More than 50 retired military officers are calling on President TrumpDonald TrumpTrump goes after Cassidy after saying he wouldn't support him for president in 2024 Jan. 6 panel lays out criminal contempt case against Bannon Hillicon Valley — Presented by Xerox — Agencies sound alarm over ransomware targeting agriculture groups MORE to change course on his North Korea policy and focus on diplomacy.
“The current approach taken by the United States is failing to stop North Korea from developing its nuclear and missile technology,” the 58 retired officers wrote to Trump in a letter published Wednesday by The Washington Post. “The United States must initiate and lead an aggressive, urgent diplomatic effort to freeze North Korean nuclear and missile development and reduce regional tensions.”
The letter was organized by retired Navy Rear Adm. Michael E. Smith, who leads a new nonpartisan organization called the American College of National Security Leaders, according to the Post. The group is working with nonproliferation advocates the Ploughshares Fund, the Post added.
North Korea’s nuclear and missile programs have progressed apace as the United States has tried levying ever-tougher sanctions.
Pyongyang carried out its highest missile test to date last month when it launched an intercontinental ballistic missile that appeared to put the entire United States in range. It’s unknown, though, whether anything was in the missile’s nosecone, which would affect the distance the missile can fly.
Trump administration officials have consistently said that they would prefer a diplomatic solution to the crisis, but they have also made clear they are ready to use military options.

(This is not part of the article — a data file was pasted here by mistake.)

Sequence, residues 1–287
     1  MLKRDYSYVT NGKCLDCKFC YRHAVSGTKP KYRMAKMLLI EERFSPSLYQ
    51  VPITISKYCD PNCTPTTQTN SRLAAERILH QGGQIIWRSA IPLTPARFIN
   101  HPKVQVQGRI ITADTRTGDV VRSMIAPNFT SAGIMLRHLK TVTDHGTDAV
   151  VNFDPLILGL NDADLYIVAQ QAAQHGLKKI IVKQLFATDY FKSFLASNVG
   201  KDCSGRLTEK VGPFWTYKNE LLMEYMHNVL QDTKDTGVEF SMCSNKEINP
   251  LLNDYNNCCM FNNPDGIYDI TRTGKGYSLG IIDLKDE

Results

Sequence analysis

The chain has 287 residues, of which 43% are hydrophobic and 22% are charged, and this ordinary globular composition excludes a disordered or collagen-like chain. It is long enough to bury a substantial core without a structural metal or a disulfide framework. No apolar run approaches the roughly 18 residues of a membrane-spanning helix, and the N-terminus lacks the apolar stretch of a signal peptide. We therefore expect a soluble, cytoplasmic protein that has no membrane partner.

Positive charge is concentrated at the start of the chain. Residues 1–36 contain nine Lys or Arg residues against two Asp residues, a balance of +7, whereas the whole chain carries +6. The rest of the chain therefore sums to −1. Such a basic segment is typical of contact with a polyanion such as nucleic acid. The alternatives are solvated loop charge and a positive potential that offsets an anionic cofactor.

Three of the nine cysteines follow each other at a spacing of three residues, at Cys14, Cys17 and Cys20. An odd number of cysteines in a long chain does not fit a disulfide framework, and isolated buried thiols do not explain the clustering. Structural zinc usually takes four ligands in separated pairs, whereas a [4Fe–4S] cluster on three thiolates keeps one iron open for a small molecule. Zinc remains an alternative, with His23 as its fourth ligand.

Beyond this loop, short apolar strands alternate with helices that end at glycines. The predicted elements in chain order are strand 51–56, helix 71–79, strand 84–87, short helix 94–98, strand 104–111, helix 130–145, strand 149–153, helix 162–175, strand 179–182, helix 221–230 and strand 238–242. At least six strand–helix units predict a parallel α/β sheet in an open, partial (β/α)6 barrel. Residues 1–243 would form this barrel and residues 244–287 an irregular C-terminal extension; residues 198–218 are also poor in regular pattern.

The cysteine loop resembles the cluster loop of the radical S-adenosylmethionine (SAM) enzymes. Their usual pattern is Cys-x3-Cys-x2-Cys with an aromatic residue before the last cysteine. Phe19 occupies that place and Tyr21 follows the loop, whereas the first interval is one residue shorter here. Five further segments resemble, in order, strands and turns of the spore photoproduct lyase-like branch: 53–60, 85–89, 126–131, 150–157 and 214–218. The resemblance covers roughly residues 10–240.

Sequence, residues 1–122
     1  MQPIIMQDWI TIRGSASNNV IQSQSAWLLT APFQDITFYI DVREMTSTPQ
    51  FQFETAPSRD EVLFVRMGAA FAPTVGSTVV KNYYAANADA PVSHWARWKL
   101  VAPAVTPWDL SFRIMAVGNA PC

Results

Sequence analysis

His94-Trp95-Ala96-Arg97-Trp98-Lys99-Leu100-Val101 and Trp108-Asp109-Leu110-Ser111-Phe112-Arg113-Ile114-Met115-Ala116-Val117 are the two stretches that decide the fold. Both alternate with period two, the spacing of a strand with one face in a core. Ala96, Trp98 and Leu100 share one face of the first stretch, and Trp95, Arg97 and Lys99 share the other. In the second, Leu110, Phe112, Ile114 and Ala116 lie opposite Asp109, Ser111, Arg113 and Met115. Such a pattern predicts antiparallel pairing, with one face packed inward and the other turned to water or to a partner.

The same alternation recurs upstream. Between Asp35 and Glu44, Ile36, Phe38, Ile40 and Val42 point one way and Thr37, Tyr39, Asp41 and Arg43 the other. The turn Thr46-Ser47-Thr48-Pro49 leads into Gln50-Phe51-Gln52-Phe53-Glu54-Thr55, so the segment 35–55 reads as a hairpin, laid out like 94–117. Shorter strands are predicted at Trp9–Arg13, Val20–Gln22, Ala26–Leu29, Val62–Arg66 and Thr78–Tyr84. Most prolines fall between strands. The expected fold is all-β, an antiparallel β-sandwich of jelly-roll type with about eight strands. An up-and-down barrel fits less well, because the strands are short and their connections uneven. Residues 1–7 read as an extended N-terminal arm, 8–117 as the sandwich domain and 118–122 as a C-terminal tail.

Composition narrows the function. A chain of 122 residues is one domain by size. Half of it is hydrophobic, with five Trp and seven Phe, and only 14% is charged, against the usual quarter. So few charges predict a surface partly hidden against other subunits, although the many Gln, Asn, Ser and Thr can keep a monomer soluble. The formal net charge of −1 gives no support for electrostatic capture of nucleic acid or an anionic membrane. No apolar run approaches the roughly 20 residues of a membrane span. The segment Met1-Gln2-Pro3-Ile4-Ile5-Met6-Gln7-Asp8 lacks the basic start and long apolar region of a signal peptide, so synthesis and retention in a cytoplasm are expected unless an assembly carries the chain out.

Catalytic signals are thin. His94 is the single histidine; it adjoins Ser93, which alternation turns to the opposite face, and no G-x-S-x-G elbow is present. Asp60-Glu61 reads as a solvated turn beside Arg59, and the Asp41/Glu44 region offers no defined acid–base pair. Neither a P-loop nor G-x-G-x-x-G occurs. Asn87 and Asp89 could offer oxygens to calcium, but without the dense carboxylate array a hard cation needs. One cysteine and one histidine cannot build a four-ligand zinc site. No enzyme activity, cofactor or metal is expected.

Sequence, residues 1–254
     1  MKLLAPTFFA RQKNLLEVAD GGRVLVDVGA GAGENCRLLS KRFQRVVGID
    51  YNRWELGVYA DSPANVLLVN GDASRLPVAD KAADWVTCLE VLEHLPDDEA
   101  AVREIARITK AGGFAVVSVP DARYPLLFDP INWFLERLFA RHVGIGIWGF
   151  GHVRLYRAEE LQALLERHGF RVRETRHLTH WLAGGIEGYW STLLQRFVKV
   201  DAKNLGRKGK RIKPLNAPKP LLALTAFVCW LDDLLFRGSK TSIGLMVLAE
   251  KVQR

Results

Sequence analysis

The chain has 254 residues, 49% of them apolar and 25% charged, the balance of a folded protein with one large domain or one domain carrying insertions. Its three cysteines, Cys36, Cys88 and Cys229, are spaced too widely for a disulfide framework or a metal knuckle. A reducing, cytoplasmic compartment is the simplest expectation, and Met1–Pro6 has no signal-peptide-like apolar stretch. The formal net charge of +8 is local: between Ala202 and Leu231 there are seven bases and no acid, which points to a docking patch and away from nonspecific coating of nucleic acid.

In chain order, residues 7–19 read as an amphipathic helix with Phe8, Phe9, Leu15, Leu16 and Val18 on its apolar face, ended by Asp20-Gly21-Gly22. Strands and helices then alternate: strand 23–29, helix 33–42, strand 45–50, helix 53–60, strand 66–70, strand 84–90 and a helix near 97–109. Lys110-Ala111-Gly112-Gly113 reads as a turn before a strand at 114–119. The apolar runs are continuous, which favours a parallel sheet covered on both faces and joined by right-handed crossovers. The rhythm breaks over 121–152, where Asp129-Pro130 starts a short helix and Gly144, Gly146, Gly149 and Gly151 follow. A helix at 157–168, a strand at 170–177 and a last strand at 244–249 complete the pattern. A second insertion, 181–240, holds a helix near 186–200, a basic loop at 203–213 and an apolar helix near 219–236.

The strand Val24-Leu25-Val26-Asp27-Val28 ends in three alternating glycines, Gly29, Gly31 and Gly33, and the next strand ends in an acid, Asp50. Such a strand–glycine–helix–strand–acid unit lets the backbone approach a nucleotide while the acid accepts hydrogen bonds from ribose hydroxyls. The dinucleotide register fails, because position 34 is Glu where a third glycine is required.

The administration’s stance on diplomacy was further muddied Tuesday when Secretary of State Rex TillersonRex Wayne TillersonThe Hill's Morning Report - Presented by AT&T - Supreme Court lets Texas abortion law stand Trump-era ban on travel to North Korea extended Want to evaluate Donald Trump's judgment? Listen to Donald Trump MORE said the United States was ready for talks “without preconditions.” Hours later, White House press secretary Sarah Huckabee Sanders said Trump’s “views on North Korea have not changed.”
In their letter, the retired military officers highlighted the threat to Seoul that military action poses. The South Korean capital is in range of North Korea’s artillery, meaning “hundreds of thousands” of casualties from North Korea’s “immediate, retaliatory artillery barrage” in the event of U.S. military action, they wrote.
“The United States would be drawn into a preventable war,” they wrote. “Military options must not be the preferred course of action."
“The United States and its allies must maintain a robust military posture as a deterrent to North Korea,” they continued, “yet the urgent need for success demands we exhaust every possible diplomatic solution.”